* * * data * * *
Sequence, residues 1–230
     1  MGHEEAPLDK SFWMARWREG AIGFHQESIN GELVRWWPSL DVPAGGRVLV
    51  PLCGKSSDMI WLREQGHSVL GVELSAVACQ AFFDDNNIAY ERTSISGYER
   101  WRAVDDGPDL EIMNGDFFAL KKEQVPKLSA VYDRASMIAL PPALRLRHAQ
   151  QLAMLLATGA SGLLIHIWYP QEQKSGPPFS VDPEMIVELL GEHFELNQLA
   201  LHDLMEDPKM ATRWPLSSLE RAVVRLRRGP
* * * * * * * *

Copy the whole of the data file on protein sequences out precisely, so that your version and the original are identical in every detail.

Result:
Sequence, residues 1–230
     1  MGHEEAPLDK SFWMARWREG AIGFHQESIN GELVRWWPSL DVPAGGRVLV
    51  PLCGKSSDMI WLREQGHSVL GVELSAVACQ AFFDDNNIAY ERTSISGYER
   101  WRAVDDGPDL EIMNGDFFAL KKEQVPKLSA VYDRASMIAL PPALRLRHAQ
   151  QLAMLLATGA SGLLIHIWYP QEQKSGPPFS VDPEMIVELL GEHFELNQLA
   201  LHDLMEDPKM ATRWPLSSLE RAVVRLRRGP